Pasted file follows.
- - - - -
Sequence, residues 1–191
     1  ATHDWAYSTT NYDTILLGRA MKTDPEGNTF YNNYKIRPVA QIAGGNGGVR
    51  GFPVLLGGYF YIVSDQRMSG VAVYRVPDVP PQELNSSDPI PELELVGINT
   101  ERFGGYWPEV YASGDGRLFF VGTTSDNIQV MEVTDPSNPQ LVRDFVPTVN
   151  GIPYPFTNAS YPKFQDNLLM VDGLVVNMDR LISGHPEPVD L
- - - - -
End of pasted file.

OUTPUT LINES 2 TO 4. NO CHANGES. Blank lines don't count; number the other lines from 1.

     1  ATHDWAYSTT NYDTILLGRA MKTDPEGNTF YNNYKIRPVA QIAGGNGGVR
    51  GFPVLLGGYF YIVSDQRMSG VAVYRVPDVP PQELNSSDPI PELELVGINT
   101  ERFGGYWPEV YASGDGRLFF VGTTSDNIQV MEVTDPSNPQ LVRDFVPTVN